Small Wind Certification Important For Wind Industry
April 14, 2013
Rural America pioneered the use of wind energy on the farm with windmills in the 1800s and wind turbines in the 1920s and 1930s. Recently on American farms and ranches there has been a revival of small-scale distributed wind energy.
Small Wind Certification Council Technical Director Brent Summerville says farmers are comfortable investing in equipment that will pay for itself and offset some electricity usage, especially at a time when energy prices are volatile.
"Wind energy would be right for a farmer or rancher if they have a suitable wind resource and the space to install a wind turbine. The project will be successful if they choose a dealer installer that can provide reliable support and if they choose a quality wind turbine. The dealer will help them assess their wind resource, match their energy needs with the wind turbine system, estimate the energy output, and help them with the economics of the project, including financing."
Summerville says Greensburg, Kansas is an inspiring example. The town was devastated by a tornado in 2007 but has rebuilt as a green city with the help of wind energy. He says there are many other successful stories of farmers who have installed wind turbines to save money on energy and help ensure the sustainability of their farms.
Summerville says good news travels fast with wind projects and their successes, but he says bad news travels even faster. As an example, Summerville says California's rebate program was shut down for eight months in 2011 due to an exaggerated power rating of a small wind turbine. That is why the Small Wind Certification Council certifies wind turbines have been designed and tested according to national standards. Summerville says small wind turbines are certified to the American Wind Energy Association's small wind performance and safety standard.
"Certification produces consumer labels and summary reports with easy to understand ratings for power, energy, and sound. Third party certification also verifies that the turbine has been tested for durability, safety, and function. SWCC certification helps prevent unethical marketing and false claims, ensuring consumer protection and industry credibility."
The SWCC works directly with wind turbine manufacturers through the entire process. Summerville says the turbine is installed at one of the Council's test sites for field testing—which can take nine to 12 months—and puts the turbine through a full range of wind speeds and conditions.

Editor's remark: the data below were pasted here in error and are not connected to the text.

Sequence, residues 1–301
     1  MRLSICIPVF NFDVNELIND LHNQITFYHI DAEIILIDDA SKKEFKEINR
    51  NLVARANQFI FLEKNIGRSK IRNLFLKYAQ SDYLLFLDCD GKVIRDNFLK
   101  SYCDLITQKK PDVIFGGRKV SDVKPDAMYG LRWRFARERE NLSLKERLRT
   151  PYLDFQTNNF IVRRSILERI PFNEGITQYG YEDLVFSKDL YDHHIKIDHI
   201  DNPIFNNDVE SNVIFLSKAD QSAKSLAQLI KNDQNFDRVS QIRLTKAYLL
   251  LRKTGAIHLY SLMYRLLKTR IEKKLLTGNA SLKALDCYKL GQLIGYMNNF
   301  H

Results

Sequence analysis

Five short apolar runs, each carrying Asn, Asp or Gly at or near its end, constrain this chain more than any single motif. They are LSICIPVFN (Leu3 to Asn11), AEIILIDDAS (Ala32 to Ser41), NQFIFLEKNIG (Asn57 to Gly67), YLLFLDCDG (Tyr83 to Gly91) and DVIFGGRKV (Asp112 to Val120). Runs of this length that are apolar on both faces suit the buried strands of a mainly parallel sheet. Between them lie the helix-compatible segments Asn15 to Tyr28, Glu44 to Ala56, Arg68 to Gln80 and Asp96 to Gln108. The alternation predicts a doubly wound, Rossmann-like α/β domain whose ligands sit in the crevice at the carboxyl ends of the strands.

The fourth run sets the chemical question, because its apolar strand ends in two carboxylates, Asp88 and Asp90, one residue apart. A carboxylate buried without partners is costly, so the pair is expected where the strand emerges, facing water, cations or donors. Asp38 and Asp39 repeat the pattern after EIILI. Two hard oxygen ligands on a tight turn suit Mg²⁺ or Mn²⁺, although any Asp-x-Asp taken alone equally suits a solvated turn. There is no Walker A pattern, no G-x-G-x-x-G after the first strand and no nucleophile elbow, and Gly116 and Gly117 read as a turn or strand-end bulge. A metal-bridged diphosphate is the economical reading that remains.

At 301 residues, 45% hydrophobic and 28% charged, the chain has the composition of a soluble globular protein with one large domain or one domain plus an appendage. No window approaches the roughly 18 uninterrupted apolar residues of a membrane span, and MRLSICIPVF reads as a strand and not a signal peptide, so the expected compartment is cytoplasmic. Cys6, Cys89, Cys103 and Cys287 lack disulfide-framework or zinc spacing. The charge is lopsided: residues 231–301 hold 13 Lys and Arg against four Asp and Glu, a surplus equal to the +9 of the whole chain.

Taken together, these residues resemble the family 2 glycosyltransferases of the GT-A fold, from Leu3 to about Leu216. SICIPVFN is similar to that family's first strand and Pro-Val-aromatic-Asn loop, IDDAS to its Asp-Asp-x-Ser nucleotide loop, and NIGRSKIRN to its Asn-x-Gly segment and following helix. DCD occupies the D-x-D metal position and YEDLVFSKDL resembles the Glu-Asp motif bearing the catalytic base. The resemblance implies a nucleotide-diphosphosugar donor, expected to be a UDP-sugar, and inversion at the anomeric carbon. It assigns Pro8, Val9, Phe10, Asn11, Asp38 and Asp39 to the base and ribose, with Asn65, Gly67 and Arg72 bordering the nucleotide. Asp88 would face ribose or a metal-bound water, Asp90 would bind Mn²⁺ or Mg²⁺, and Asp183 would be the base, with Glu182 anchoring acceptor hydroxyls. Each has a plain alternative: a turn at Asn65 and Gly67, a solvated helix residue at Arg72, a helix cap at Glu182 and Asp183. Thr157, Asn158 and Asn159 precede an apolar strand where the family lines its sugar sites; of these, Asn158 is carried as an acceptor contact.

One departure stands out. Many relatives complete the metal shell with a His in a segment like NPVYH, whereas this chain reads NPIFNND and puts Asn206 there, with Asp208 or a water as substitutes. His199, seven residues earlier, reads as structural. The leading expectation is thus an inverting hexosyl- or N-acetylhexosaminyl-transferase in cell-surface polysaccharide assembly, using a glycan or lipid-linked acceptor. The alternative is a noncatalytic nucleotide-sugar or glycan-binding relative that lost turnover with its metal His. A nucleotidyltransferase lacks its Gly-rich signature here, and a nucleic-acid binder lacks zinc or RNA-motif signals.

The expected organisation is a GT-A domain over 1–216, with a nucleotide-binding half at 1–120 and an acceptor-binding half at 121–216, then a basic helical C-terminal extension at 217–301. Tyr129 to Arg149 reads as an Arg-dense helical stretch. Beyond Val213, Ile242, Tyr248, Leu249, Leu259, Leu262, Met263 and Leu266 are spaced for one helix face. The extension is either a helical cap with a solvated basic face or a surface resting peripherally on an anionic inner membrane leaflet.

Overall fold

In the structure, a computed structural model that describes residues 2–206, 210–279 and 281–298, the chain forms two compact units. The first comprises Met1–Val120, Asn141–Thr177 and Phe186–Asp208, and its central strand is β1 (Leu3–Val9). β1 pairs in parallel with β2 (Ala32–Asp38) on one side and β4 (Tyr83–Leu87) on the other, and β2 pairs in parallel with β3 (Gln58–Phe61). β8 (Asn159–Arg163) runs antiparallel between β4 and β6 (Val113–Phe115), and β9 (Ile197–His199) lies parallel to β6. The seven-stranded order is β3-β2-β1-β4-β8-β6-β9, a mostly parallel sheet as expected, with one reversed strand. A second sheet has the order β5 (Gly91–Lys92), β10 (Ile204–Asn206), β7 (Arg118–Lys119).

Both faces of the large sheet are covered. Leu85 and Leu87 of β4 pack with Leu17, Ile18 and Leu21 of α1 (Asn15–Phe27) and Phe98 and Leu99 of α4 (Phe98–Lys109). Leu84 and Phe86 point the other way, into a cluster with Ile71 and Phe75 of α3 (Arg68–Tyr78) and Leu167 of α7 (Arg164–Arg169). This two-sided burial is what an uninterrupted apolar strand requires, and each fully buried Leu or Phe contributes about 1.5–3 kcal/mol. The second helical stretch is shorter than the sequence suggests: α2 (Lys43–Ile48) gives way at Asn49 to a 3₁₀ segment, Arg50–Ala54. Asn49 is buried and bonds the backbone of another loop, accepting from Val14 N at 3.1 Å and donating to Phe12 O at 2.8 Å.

"The testing is performed according to the standard and reports are submitted for our review. The manufacturer also submits a report on the design calculations for the wind turbine, and we verify that this design work and engineering has been performed according to the standard. So in a nutshell, the standards are written by a group of wind energy experts to prescribe how to evaluate small wind technology, and we provide third-party verification that the turbine was designed and tested to these standards."
Small wind is a global business and Summerville says other countries have their own certification standards based on international standards. So if a turbine is certified in Japan, he says the SWCC will grant it conditional certification for one-year while the manufacturer submits the necessary reports to obtain certification to American standards.
"This process also goes in the other direction, so U.S. manufacturers can use SWCC certification for gaining access to global markets. The goal is for the turbine manufacturer to test once and certify everywhere."
So far, Summerville says the SWCC has certified nine small wind turbines—four fully certified, four conditionally certified, and one has obtained power of performance certification. Currently he says 10 turbines are moving through the process and others continue to sign up.
To find a certified wind turbine and view the reports, visit SmallWindCertification.org.